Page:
QuickTime (MP4) | iOS MP4
The Peavey PXD Tragic IV was announced in August of last year. The announcement marked the first time that Peavey's PXD series was made available to bass players, and I've got to say that I was pretty keen to get my hands on one.
The specs have changed a little bit since the original press release was sent out by Peavey; I would have been interested to see what the bass sounded like with an Alder body and an Ebony fretboard. As it stands, the bass has a Basswood/Maple body, and a Rosewood fretboard.
My first impression of the bass is that the neck plays really well. I actually play a short-scale Hofner bass, because for me that feels more like playing an electric guitar, but the 34'' scale neck on the Tragic IV is fast and smooth. In terms of playability, your left hand is going to have a good time of things. If you play with your fingers (which is what I usually prefer to do) then the string spacing towards the bridge feels a bit wider than the average bass guitar, but you soon get accustomed to this.
So let's talk tone, because that's probably what most people are wanting to know. The range of tones available on the Tragic IV is impressive, this is mainly down to Peavey's truly awesome VFL active pickups. The VFLs are so hot, they kick out a signal hotter than Io's volcanoes. I'm not complaining though, this is a really great feature for this bass. It really is geared towards metal heads, if you want to get involved in the frequencies of a mix usually neglected by metal guitarists, then you can do this with the beautiful mid-range of the VFLs.
I managed to get a good jazz sound, a convincing post-punk sound, funk tone, a plethora of tones for prog and metal, and even a good bit of slap bass goes down well on the Tragic IV. Of course, if you turned up to a jazz gig with this bass, you would probably be asked to leave the establishment immediately, so I'm just going to stick to metal capabilities.
There is enough bottom end on the bass to rattle people's rib cages, and this is not hyperbole. We had our combo at super quiet volumes and it was still vibrating the fixtures in our studio, you can also clearly pick out the lower mid-range, so the audience aren't going to just hear the bass as a general wall of farty mess in the mix – as is the standard for some venues. The reason I'm talking about EQ so much is because you have a 3-band EQ built into the bass, such is the glory of active pickups. You have a 10dB cut or boost on the bass, mid and treble.
Basically, it's enough cut and boost to give you a great deal of freedom. The Basswood side-wings and through-body Maple neck really compliment the whole set up in terms of frequency range. It is rare that I am so impressed by an instrument, I usually always find something to moan about... oh wait, now I remember, it looks a bit like it should be hanging in a 14-year-old's bedroom. I wouldn't be surprised if Sauron played this bass with his merry backing band of Orcs.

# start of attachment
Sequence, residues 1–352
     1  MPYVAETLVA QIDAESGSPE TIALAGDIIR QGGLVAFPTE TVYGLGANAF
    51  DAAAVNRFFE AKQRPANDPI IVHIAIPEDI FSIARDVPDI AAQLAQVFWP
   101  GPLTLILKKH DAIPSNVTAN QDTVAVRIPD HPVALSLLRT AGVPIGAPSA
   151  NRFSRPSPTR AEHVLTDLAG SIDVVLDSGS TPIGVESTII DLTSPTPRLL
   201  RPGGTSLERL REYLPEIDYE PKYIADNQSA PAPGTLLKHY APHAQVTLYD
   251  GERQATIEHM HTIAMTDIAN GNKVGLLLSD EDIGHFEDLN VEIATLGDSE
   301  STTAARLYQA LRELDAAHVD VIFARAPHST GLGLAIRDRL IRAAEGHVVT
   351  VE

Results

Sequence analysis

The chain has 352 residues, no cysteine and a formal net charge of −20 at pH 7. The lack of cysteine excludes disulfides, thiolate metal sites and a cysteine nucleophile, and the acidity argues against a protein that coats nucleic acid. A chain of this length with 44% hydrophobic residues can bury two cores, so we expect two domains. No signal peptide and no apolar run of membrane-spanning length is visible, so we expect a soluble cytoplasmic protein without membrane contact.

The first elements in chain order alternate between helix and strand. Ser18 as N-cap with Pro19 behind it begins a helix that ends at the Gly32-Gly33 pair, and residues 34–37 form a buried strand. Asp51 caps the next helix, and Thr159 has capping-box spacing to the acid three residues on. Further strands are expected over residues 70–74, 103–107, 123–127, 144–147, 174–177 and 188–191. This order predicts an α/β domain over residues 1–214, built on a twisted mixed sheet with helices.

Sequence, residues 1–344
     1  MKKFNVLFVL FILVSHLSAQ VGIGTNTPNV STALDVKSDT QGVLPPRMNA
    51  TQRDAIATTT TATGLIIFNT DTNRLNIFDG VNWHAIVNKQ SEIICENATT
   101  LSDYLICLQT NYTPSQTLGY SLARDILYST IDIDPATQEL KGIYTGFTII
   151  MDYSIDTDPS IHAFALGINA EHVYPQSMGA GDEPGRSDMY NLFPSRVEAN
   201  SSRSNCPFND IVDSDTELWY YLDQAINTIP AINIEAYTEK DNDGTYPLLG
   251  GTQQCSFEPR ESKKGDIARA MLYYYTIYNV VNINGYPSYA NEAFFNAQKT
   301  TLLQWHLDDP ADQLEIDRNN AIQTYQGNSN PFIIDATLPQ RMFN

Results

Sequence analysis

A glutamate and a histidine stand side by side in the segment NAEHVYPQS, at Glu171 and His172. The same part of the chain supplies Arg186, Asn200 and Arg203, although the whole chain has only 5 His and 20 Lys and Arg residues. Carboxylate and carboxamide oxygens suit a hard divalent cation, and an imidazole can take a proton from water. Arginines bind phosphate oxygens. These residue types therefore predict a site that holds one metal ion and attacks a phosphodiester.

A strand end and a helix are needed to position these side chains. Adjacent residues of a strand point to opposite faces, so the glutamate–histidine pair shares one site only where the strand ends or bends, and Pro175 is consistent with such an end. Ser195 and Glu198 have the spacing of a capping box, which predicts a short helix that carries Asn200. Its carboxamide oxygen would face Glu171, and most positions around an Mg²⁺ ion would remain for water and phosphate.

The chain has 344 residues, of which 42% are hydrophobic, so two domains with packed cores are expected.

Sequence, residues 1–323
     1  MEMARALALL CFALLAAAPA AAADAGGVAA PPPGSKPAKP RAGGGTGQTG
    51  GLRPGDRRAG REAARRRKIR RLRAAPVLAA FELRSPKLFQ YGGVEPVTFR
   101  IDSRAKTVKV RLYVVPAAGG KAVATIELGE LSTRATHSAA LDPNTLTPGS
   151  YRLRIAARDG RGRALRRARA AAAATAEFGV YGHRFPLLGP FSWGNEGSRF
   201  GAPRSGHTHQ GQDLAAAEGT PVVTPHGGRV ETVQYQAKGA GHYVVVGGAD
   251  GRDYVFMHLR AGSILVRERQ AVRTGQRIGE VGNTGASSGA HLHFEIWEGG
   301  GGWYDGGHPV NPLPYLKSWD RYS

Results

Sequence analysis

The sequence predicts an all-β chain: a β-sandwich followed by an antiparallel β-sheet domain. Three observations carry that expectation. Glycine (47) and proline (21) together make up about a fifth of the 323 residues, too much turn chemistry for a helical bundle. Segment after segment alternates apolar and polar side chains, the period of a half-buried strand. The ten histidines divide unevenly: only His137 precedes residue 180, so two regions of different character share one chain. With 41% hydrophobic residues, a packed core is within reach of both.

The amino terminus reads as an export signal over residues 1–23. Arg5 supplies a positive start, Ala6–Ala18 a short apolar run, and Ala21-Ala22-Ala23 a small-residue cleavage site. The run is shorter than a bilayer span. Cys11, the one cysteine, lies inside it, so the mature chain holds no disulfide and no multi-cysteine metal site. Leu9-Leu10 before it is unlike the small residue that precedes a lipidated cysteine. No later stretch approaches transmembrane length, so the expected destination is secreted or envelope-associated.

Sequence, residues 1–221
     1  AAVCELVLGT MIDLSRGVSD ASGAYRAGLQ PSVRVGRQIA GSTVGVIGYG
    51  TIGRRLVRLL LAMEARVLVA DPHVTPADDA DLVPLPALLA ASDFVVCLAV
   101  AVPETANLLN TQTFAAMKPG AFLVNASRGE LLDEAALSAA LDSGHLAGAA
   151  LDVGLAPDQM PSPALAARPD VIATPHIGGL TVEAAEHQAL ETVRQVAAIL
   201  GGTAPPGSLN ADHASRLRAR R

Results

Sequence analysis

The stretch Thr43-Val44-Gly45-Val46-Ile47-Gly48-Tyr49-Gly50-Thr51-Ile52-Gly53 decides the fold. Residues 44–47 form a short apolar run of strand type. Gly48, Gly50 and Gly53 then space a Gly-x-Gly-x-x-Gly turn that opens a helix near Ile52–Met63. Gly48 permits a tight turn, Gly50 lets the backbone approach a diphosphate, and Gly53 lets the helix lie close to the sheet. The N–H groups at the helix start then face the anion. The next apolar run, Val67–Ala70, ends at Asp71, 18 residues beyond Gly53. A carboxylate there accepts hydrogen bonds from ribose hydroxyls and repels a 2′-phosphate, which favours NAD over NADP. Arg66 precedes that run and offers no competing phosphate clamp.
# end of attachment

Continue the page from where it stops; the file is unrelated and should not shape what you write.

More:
If you are 14, or if you want to look like a member of KISS, then this bass really is going to perfect for you. You aren't going to find many better sounding basses for the price, so if you dig the look, then by all means you should purchase it soon.
With the particular model we were reviewing, there really weren't any problems. I wouldn't recommend it to people with small hands, and I wouldn't recommend it to people who aren't in a metal band or a prog band. If you want it for recording, then it records really well, even if you are just using the DI signal.
If you add some fuzz, it sounds insane. There are enough grounds to actually get this bass sectioned while using fuzz. Other nice features are the pickup blend, along with the EQ you really are spoilt for choice in terms of tone. Generally this is a really great bass guitar, and I would expect it to cost a lot more money that it does. I would happily use it to record material for my band's next album, in that respect it really does run any other bass I own into the ground (and I do own a more expensive Peavey bass, but I won't mention which one)
Please note that you will need a decent amp for this bass, preferably with a separate input for active pickups, otherwise you might get some clipping and speaker fluff from the molten hot signal.
Available in White, Red and Black gloss finish.
£408/$499 Street price
Thanks to sE Electronics for the Voodoo VR1 Ribbon mic - sounds great.
Fender's first venture into the in-ear monitor market